Wellington gardens are dominated by public parks and gardens meaning they are free to visit. The best time to visit gardens in the lower North Island is Spring to late Autumn (October – April). Winter can be very chilly with wind whipped bare branches and a lack of shelter while wandering around the hilltop parks and gardens of Wellington. Public gardens are open throughout the year, however remember to check for up to date details and public notifications.
Wellington Botanic Gardens (Thorndon) are doyenne of public parks with hillsides smothered in flowering shrubs, both native and exotic, an arboretum of early twentieth century trees, a cafe located in the picturesque rose garden with is adjoining grassy dell and a maze of walks designed to link the various garden rooms. The gardens stretch from the top of Wellington hills to entrances off Bolton street. For ease of walking (avoiding the constant trudge up the hills) catch the Wellington cable car and spend an afternoon wandering your way down past mature garden elements. The garden has excellent signage, toilets and seating placed in strategic positions. For more details click here, Botanic Garden, Thorndon.
A favourite for native plant buffs and fans of all things green, Otari-Wilton’s Bush Domain is a must go destination. The canopy walk is a great place for kids to let off steam and it leads to the innovative information centre. As the site is steep the canopy walk gives disability access to viewing platforms. The garden is designed to showcase the various climate zones of Aoteaoroa NZ with educational plaques describing the plant species, climate zone and whether the plant is on the endangered list. This public botanic garden is the only one in the country that is dedicated to New Zealand native plants. There are over 100 hectares of native forest, five hectares of plants, and some of the city’s oldest trees. Find the park’s 800-year-old rimu for a photo moment. There are picnic areas, seating and toilets making Otari-Wilton’s Bush, Wilton a perfect day trip destination.
Truby King Park is often overlooked due to vehicle access being the busy Southern Motorway. It is a hidden gem and Wellington Council have aptly described the park as, ‘A hidden house and garden worth a visit… a 1.9 hectare slice of history tucked into a beautiful corner of Wellington. This heritage-listed estate includes a unique house and garden nestled in Wellington’s Melrose hills along the Southern Walkway. Though one of Wellington’s lesser known gardens, this estate offers a special look at Wellington’s past, as well as the ocean below.’ For further information click here Truby King Park, Melrose.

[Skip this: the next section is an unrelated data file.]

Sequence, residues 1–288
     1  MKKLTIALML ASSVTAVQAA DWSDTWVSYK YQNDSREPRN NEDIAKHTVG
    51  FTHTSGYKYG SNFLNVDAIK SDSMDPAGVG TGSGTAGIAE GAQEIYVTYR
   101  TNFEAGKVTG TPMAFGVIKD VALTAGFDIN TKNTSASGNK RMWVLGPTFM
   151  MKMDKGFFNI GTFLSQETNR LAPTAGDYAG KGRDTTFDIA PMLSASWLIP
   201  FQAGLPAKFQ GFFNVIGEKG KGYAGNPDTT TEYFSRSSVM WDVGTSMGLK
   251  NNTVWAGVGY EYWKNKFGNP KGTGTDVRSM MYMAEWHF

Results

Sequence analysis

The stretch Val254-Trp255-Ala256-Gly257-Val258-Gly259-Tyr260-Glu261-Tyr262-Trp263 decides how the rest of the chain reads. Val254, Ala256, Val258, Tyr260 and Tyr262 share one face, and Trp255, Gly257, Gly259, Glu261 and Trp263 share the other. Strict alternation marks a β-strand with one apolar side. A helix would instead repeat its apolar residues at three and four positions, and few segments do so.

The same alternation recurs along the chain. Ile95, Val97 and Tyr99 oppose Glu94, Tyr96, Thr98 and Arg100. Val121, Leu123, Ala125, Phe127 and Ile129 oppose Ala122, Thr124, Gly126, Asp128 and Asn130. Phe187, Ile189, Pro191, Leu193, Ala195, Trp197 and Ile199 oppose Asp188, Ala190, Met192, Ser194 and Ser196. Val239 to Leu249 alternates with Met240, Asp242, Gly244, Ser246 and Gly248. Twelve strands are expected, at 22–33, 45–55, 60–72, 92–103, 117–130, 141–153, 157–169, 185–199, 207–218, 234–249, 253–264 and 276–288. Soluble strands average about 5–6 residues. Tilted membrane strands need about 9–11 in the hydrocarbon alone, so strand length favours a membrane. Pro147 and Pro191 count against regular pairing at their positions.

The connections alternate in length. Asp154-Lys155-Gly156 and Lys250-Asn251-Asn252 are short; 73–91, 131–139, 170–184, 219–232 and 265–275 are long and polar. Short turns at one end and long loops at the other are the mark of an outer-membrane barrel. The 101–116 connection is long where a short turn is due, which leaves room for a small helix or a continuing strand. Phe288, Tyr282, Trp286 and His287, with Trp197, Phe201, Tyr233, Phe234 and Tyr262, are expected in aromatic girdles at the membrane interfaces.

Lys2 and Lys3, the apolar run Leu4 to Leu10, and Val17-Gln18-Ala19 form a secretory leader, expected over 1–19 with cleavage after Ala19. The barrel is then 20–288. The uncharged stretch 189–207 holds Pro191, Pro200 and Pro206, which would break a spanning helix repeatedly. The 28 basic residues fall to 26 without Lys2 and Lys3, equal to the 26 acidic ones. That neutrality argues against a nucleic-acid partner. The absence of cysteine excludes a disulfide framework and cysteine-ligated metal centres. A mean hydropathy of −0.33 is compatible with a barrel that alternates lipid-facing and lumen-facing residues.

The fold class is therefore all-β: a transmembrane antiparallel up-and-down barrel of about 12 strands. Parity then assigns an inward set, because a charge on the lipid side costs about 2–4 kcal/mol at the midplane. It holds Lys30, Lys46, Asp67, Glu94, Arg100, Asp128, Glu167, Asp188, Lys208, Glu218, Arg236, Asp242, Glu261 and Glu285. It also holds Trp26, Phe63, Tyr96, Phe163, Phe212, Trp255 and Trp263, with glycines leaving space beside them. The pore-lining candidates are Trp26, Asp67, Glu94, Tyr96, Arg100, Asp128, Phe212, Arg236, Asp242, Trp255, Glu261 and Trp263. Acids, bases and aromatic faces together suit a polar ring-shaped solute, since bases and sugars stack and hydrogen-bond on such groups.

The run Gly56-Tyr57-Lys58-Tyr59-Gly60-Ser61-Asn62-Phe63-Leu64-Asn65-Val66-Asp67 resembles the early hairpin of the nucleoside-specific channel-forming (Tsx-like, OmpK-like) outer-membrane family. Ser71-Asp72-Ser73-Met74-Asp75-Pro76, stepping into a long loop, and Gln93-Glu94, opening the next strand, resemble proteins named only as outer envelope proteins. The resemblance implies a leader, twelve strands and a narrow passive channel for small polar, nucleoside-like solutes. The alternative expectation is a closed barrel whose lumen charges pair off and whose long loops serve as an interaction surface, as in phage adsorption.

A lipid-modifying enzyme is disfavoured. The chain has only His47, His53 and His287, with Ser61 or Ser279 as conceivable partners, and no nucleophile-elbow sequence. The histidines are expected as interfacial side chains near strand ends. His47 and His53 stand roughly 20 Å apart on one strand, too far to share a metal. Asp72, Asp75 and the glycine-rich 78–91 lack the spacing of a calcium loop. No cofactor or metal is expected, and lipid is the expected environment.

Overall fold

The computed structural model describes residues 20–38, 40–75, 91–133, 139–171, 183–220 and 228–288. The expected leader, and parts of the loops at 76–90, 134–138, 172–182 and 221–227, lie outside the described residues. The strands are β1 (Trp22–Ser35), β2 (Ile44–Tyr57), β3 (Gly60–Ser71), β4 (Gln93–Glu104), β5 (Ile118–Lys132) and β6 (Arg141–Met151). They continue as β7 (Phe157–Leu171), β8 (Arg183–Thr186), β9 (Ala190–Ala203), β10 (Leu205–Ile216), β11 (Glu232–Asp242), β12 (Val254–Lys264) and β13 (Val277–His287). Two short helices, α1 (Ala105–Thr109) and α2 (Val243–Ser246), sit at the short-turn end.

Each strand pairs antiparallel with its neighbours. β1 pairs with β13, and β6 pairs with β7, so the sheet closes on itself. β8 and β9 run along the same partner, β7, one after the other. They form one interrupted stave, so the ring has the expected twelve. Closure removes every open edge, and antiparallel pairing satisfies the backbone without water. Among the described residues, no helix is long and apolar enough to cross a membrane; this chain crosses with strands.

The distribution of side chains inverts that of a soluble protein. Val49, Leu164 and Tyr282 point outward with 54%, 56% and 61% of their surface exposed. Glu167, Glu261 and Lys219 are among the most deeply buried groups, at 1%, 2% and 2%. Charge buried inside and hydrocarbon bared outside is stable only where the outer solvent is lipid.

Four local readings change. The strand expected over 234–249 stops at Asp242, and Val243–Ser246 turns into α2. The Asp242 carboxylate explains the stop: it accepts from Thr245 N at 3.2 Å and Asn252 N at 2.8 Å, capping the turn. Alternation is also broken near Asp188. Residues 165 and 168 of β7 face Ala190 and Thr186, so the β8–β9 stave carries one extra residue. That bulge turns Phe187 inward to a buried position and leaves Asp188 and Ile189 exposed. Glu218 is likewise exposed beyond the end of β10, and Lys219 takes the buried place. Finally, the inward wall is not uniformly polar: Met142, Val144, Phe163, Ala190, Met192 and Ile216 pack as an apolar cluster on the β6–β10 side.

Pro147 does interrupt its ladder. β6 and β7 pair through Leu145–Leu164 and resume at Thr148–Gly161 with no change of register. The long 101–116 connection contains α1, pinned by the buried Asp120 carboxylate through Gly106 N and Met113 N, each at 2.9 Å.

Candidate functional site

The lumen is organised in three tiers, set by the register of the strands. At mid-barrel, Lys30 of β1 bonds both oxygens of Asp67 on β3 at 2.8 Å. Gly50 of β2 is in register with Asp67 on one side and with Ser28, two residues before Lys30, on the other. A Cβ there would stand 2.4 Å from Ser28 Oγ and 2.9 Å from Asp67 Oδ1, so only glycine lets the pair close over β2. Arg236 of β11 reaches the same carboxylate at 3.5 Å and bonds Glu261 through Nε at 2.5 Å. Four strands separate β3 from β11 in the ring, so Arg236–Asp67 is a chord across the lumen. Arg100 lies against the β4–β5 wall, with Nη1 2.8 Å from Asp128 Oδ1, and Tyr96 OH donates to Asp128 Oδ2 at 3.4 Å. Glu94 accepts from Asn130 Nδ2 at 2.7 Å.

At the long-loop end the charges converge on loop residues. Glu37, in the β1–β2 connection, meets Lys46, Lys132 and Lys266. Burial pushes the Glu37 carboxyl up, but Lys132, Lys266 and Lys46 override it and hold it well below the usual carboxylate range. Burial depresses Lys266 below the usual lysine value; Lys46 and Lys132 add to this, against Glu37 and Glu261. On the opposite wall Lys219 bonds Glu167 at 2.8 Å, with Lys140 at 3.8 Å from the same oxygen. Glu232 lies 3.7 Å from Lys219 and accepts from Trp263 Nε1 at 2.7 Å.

Bolton Street Cemetery has numerous notable figures from the nineteenth century through to the twentieth century buried here. The cemetery is just minutes away from from the centre of town and is often frequented by lunchtime office workers taking a quick nature escape. The heritage rose collection which weaves its way through the tombstones makes November to December the best time to visit. For more information click here Bolton Street Cemetery.
Government House, the home of the Governor General has 12 hectares of land on a hilly site with prevailing winds making for a challenging garden location. In the 1990’s an redevelopment plan focused on native plants interspersed with exotic plants reflecting the links between formal state English garden and the landscape of New Zealand bush and forest. The garden represents the link between the constitutional governance of the United Kingdom and the independence of Aotearoa NZ today. The house is framed by large expanses of lawn which make for an ideal setting for functions where hundreds of people can be catered for surrounded by perennial and native borders. Every tree planted by a dignitary is marked with a plaque and it is favourite occupation of guests to stroll the gardens identifying who planted what. There are a network of gravel and bark paths linking the various garden elements together.